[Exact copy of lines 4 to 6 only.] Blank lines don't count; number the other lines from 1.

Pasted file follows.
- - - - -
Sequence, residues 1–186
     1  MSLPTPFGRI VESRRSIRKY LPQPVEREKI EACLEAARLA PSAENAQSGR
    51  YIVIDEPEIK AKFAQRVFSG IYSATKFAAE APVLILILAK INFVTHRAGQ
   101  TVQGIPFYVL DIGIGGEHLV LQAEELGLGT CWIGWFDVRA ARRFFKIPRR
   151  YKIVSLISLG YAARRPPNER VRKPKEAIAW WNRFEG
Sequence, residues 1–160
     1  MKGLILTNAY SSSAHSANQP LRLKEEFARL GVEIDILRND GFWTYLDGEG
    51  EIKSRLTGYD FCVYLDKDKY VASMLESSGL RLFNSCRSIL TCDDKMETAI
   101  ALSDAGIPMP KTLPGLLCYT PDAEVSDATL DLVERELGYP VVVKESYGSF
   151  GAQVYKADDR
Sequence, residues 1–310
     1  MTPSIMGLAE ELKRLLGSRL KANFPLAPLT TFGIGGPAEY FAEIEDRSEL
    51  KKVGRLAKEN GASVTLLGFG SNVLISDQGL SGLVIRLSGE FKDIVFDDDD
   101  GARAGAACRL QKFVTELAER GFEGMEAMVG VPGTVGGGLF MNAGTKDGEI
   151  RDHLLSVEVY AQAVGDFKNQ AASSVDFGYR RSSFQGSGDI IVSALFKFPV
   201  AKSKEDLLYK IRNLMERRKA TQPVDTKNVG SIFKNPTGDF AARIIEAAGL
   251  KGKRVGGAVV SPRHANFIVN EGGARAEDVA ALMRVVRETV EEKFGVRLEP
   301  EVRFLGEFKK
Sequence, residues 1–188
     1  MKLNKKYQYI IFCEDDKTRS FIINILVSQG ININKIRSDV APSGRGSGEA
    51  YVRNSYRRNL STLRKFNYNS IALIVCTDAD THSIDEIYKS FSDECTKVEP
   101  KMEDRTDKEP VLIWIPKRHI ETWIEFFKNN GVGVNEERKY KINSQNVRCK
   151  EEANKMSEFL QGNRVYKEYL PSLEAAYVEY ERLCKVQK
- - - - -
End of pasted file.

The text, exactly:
   101  TVQGIPFYVL DIGIGGEHLV LQAEELGLGT CWIGWFDVRA ARRFFKIPRR
   151  YKIVSLISLG YAARRPPNER VRKPKEAIAW WNRFEG
Sequence, residues 1–160